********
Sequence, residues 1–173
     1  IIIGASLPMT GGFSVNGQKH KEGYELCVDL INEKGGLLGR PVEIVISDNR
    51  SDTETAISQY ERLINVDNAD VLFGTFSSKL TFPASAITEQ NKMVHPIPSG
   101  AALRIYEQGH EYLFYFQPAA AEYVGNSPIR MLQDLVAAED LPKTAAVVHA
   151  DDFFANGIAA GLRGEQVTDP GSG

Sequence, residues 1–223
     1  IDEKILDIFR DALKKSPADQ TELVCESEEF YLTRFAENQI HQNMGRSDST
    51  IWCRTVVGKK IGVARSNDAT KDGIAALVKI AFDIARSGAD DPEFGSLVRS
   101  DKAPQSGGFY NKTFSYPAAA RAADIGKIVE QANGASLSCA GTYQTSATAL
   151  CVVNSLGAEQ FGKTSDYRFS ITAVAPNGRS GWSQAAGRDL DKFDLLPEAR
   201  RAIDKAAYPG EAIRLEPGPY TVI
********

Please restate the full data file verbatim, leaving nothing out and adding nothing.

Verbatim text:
Sequence, residues 1–173
     1  IIIGASLPMT GGFSVNGQKH KEGYELCVDL INEKGGLLGR PVEIVISDNR
    51  SDTETAISQY ERLINVDNAD VLFGTFSSKL TFPASAITEQ NKMVHPIPSG
   101  AALRIYEQGH EYLFYFQPAA AEYVGNSPIR MLQDLVAAED LPKTAAVVHA
   151  DDFFANGIAA GLRGEQVTDP GSG

Sequence, residues 1–223
     1  IDEKILDIFR DALKKSPADQ TELVCESEEF YLTRFAENQI HQNMGRSDST
    51  IWCRTVVGKK IGVARSNDAT KDGIAALVKI AFDIARSGAD DPEFGSLVRS
   101  DKAPQSGGFY NKTFSYPAAA RAADIGKIVE QANGASLSCA GTYQTSATAL
   151  CVVNSLGAEQ FGKTSDYRFS ITAVAPNGRS GWSQAAGRDL DKFDLLPEAR
   201  RAIDKAAYPG EAIRLEPGPY TVI